Greece gave the world Democracy. Germany gave the world Blitzkreig and the Holocaust. Who ya gonna root for in the current fight-to-the-death, hellbound-for-disaster European Union financial cage match?

    Ever since the European Union launched the Euro as their common currency in 1999 and especially since the globalized barbarian banksters nearly crashed the world’s economy with their monumental cons, frauds and trickerations in 2007/8, the German dumpling, Der Fuehreress…uh… Chancellor Angela Merkel, and her Deutsche Bank, IMF, ECB and EU financial storm troopers have been re-fighting World War II across Europe and so far getting a different result as they politically pulverize and economically povertize Spain, Portugal, Ireland, Italy and now Greece in pursuit of every last Euro rolling across the ground.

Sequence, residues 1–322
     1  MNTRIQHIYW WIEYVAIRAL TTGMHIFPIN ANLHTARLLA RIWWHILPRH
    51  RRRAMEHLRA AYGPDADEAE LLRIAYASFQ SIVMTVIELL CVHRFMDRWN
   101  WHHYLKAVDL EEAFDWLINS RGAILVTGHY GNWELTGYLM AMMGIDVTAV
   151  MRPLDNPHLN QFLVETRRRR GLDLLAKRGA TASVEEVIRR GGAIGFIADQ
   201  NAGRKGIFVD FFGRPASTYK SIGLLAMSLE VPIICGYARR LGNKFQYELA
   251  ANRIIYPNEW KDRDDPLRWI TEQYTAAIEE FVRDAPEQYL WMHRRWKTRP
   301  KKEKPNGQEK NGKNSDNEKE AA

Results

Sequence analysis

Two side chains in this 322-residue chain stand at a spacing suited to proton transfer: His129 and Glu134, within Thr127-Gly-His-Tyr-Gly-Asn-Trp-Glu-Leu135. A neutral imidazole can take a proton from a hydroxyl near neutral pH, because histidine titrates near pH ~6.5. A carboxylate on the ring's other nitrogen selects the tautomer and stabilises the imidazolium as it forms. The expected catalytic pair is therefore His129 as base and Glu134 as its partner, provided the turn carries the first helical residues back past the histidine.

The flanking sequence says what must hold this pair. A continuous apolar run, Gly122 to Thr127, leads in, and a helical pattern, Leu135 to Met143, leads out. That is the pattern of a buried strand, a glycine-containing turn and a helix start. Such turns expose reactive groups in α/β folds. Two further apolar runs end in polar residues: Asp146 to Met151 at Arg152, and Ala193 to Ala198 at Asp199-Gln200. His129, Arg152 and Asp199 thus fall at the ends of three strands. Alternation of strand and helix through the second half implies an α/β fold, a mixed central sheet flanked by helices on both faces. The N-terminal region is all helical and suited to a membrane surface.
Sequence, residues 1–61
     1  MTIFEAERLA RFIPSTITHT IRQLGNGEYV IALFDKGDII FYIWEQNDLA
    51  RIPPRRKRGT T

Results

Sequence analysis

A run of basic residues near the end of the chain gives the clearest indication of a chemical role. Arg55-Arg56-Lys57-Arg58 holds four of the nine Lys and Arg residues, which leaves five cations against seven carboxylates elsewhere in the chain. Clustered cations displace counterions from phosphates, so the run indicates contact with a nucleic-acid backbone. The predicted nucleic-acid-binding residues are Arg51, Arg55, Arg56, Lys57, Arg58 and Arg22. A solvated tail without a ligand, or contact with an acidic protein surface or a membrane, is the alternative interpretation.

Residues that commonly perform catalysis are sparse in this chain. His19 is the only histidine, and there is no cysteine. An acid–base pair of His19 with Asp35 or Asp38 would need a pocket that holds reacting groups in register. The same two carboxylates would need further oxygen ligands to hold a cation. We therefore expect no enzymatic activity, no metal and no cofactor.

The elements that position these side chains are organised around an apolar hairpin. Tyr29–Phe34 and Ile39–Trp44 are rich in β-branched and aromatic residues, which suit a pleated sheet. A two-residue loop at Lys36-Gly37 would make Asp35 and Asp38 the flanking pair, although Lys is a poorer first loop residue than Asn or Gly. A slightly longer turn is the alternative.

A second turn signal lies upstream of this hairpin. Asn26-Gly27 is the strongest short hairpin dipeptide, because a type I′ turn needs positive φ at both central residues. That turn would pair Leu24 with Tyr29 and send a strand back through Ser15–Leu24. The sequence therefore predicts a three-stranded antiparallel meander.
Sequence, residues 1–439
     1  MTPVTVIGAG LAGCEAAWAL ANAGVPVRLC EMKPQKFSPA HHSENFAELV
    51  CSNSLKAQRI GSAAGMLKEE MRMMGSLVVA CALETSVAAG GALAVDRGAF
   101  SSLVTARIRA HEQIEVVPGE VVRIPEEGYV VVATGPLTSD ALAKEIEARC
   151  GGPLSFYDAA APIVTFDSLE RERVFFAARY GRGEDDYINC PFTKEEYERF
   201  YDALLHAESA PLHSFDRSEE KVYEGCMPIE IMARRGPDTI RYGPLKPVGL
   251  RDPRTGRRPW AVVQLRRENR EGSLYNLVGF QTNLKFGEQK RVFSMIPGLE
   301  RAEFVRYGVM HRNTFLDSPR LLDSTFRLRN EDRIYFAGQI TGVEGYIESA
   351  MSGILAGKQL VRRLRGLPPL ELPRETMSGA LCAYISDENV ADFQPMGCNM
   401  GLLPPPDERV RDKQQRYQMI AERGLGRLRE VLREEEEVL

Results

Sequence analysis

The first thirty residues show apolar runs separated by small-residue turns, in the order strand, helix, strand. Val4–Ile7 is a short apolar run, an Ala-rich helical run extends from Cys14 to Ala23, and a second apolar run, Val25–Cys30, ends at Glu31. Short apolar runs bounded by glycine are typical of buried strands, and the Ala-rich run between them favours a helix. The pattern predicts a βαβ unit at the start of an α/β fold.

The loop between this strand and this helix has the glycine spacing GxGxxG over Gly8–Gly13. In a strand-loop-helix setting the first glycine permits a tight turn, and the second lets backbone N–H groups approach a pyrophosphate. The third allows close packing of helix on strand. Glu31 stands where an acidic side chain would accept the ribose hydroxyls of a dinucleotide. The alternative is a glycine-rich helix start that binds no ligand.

This is the Shock Doctrine On Steroids…On Steroids! An economic/financial war crime in progress!

    The EU was misconceived from the start. In a sense it was a unicorn, a fantasy, based on a world that existed in 1959. But that world barely survived ’til the mid-60s. By 2000 it was lost in the amnesia of history. As for the Euro, it was always a scam by which Germany (and the gnomes/Eichmanns) of Berlin, Frankfurt and Brussels could hamstring, drown in debt and loot the rest of Europe. Austerity was the main feature of this diabolical concoction not a bug. it was designed to be the WMD (weapon of massive debt) to be detonated across Europe. Ka-Boom!